Surprised? So was I. One satan is the angel of the Lord, who stops a man named Balaam (Nu 22:22–32).
Balaam is a mercenary minister: he blesses and curses people for money. This business takes a nasty turn when the king of Moab hires him to curse the nation of Israel.
The Lord tells Balaam that Israel is blessed, and that there’s no reversing that, but Balaam takes Moab up on the offer and rides out on his donkey. God is angry with Balaam, so the angel of the Lord stands in Balaam’s way, armed to kill.
You’ve heard this part of the story. The donkey sees the angel. She tries to avoid certain death and save her master. Balaam beats her. The donkey talks. Then Balaam sees the angel, too.
That’s when the angel says, “I have come out as an adversary [Hebrew, satan], because your way was contrary to me.”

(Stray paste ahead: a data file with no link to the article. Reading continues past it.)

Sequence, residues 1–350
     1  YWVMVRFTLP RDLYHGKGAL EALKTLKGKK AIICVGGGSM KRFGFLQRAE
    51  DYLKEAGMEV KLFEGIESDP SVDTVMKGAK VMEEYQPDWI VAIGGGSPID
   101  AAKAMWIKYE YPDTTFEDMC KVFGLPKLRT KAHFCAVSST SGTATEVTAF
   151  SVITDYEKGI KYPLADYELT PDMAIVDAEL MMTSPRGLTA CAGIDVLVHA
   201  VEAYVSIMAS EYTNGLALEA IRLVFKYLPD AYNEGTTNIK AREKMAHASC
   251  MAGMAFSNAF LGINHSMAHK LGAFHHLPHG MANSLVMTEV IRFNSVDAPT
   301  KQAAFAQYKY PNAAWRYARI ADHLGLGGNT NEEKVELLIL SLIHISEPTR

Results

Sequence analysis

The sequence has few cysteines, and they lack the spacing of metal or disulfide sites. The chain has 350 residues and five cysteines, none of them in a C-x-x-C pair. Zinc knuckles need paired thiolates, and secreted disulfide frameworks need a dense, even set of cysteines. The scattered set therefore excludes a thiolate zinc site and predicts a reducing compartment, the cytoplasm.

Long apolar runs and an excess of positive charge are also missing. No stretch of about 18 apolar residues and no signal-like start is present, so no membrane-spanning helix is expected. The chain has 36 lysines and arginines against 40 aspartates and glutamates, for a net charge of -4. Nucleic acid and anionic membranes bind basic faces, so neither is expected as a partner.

First the angel, now David? Thus far, two good guys have been called satan.
David was anointed the next king of Israel, and the current king, Saul, is not OK with that. So David goes into exile and becomes a mercenary for a Philistine king.
But not just any Philistine king—the city-state king of Goliath’s hometown. David has already killed Goliath, and has a reputation as a pro-Israel warrior.
The Philistines are OK with David fighting off other countries. But when the king is getting ready to battle the Israelites, the other Philistines caution him not to take David along.
Their reasoning is pretty solid. “Isn’t this the Hebrew war hero they sing about? And even if he’s in exile, what better way to win back Saul’s trust than to kill us off?”
They feared that David would become an adversary, a satan, to them (1 Sa 29:4).